Early Circularly Polarized Antennas. One of the first circularly polarized antenna designs (1948) can be attributed to Sichak and Milazzo (see Further Reading), who introduced the turnstile or crossed-dipole circular polarization (CP) antenna. The crossed dipoles must have current flows that are 90 degrees out of phase with each other. This phase difference can be achieved feeding the two dipoles 90 degrees out of phase by a phase-shifting signal splitter or by changing the impedance of each of the dipoles. The turnstile antenna produces highly pure CP only in the two directions normal to the two dipoles. If the dipoles are normal to each other and lie in the horizontal plane, they can radiate right-hand circular polarization (RHCP) upwards while left-hand circular polarization (LHCP) is radiated downwards. At the horizon, they will radiate only a linear horizontally polarized wave. For GNSS applications, this is a serious limitation. By 1973, it was known that a horizontal dipole placed near the open face of a “cup” or shorted waveguide would radiate a linear horizontally polarized wave sideways and a vertically polarized wave in its direction of alignment. These properties were utilized by Epis (see Further Reading) to build a broadband CP antenna.
The university research project began with the objective of developing a high-precision GNSS antenna that would cover all of the frequency bands being considered by the various national GNSS satellite systems, whether launched or under development. It was decided at the onset of the research that computer simulation and optimization methods would be an important part of the research endeavor. Many antenna structures were evaluated using EM simulation tools. Various structures were constructed in software and then simulated. Early simulations indicated that the crossed dipole placed in a cup offered the best possibility for producing a high-performance GNSS antenna. To obtain the best RHCP with minimal LHCP, it became necessary to place the dipoles somewhat within the cup. Nevertheless, the impedance bandwidth of this configuration is insufficient to handle the upper and lower GNSS frequency bands at the same time.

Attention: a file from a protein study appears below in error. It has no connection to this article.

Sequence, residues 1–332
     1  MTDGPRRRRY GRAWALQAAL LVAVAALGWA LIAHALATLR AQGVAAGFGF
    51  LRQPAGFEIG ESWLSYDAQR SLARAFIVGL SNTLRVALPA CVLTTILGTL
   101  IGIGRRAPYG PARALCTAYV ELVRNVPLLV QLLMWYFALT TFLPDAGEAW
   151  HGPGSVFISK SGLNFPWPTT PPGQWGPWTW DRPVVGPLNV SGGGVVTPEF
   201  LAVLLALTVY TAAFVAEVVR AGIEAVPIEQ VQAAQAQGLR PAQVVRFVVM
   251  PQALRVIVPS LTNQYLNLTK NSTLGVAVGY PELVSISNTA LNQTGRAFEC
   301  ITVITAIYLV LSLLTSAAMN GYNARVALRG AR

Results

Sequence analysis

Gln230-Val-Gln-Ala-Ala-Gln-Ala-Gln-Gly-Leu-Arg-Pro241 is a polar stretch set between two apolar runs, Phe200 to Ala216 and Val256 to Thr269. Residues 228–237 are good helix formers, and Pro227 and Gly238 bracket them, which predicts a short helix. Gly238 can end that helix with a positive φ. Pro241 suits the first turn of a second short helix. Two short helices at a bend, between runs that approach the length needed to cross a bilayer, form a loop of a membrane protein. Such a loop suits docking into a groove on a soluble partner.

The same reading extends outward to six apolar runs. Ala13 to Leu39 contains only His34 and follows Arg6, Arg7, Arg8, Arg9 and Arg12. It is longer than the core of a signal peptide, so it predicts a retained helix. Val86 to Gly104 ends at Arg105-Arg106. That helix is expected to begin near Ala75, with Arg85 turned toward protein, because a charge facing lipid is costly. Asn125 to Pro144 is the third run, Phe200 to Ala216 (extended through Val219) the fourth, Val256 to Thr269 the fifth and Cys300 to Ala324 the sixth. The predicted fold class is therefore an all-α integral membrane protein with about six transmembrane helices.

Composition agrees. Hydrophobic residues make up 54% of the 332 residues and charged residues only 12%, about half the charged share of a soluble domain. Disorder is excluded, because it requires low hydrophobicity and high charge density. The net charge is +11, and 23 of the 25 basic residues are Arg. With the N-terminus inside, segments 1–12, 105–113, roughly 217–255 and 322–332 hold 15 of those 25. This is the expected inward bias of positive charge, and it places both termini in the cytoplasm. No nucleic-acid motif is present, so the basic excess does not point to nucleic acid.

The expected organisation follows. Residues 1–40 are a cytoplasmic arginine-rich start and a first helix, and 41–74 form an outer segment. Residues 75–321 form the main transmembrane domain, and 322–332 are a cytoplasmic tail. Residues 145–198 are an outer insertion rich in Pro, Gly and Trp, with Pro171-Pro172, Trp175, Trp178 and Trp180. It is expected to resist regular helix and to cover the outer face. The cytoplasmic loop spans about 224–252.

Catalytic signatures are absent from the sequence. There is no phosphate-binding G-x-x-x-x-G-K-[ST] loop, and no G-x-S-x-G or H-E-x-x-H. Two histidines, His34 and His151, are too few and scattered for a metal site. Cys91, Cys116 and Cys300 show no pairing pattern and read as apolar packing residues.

Extending the Antenna Bandwidth. The first structure that was used to handle both the L1 and L2 GNSS bands was a second set of dipoles connected in parallel to the first set. This arrangement provided an adequate match to frequencies close to the L1 band (1575 MHz) and the L2 band (1227 MHz) but it gave a rapidly changing reflection coefficient close to and below the L1 band. The two dipole sets were fed by an appropriate surface-mount 90-degree hybrid coupler designed for the required broad frequency band. The dipoles are fed by microstrip via “grounded legs” that are built on printed circuit board (PCB) technology. Good performance was achieved with this structure, but further improvements in the performance were actively sought. The two dipoles connected directly together cause a deep notch in the radiated signal at a frequency close to and below the L1 band. This was considered to be undesirable. It was decided to use a coupled resonant radiating structure tuned to L1 while the main dipoles would be tuned to L2 (see FIGURE 1).
It is well known that resonant circuits can be broadbanded by choosing the correct coupling between them. This was tried in software and found to give an excellent wideband response.
Circumferential Current Reduction. Through many EM simulations of the antenna structure, it was found that the LHCP could be suppressed substantially by making the aperture of the cup serrated. The EM wave simulation package allows the user to look at the currents in the structure. The results are shown in FIGURE 2.
The strong circumferential currents (horizontal linear currents) produce radiation with linear horizontal polarization. It is important to reduce the size of these currents to minimize the linearly polarized radiation. The horizontal currents flowing in the top of the waveguide wall are effective in setting up horizontal polarization (HP) radiation in the direction of the horizon. For high-quality CP radiation, the horizontal radiation must be matched by vertical radiation (with a 90-degree phase shift), but the waveguide wall does not permit the required vertical current to flow to produce the vertical polarization (VP) radiation component. Clearly, a serrated waveguide aperture reduces the circumferential current flow. It was also found, through many simulations, that the unwanted polarization components can be reduced by tapering the cup towards the bottom end (see Figure 2).
The sawtooth aperture antenna was chosen for further development. The fed dipoles are constructed using PCB technology and are given shapes that vary from the wire dipole case. The radiating resonator is also constructed using PCB material and is given a different shape from the pure straight-wire case. The software antenna was constructed and tested and found to have good performance with regard to low cross polarization in all directions, low backward radiation and high radiation efficiency.